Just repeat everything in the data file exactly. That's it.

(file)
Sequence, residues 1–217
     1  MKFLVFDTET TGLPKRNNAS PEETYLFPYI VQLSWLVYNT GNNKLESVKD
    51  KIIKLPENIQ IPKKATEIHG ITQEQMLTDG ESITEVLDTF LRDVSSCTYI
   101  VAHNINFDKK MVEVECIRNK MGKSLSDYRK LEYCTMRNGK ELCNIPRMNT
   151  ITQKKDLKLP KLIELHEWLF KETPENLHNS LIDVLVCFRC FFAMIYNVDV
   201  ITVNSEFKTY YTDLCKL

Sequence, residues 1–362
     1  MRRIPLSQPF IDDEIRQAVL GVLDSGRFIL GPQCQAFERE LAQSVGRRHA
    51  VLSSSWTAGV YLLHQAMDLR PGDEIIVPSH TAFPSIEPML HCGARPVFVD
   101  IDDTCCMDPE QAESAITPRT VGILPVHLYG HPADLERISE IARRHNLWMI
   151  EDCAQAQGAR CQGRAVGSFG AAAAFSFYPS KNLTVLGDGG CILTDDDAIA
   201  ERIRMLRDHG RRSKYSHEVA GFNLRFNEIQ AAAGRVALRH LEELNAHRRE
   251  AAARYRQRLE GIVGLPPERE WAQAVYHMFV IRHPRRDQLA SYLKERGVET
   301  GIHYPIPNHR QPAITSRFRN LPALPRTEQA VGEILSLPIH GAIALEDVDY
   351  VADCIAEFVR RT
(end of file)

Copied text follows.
Sequence, residues 1–217
     1  MKFLVFDTET TGLPKRNNAS PEETYLFPYI VQLSWLVYNT GNNKLESVKD
    51  KIIKLPENIQ IPKKATEIHG ITQEQMLTDG ESITEVLDTF LRDVSSCTYI
   101  VAHNINFDKK MVEVECIRNK MGKSLSDYRK LEYCTMRNGK ELCNIPRMNT
   151  ITQKKDLKLP KLIELHEWLF KETPENLHNS LIDVLVCFRC FFAMIYNVDV
   201  ITVNSEFKTY YTDLCKL

Sequence, residues 1–362
     1  MRRIPLSQPF IDDEIRQAVL GVLDSGRFIL GPQCQAFERE LAQSVGRRHA
    51  VLSSSWTAGV YLLHQAMDLR PGDEIIVPSH TAFPSIEPML HCGARPVFVD
   101  IDDTCCMDPE QAESAITPRT VGILPVHLYG HPADLERISE IARRHNLWMI
   151  EDCAQAQGAR CQGRAVGSFG AAAAFSFYPS KNLTVLGDGG CILTDDDAIA
   201  ERIRMLRDHG RRSKYSHEVA GFNLRFNEIQ AAAGRVALRH LEELNAHRRE
   251  AAARYRQRLE GIVGLPPERE WAQAVYHMFV IRHPRRDQLA SYLKERGVET
   301  GIHYPIPNHR QPAITSRFRN LPALPRTEQA VGEILSLPIH GAIALEDVDY
   351  VADCIAEFVR RT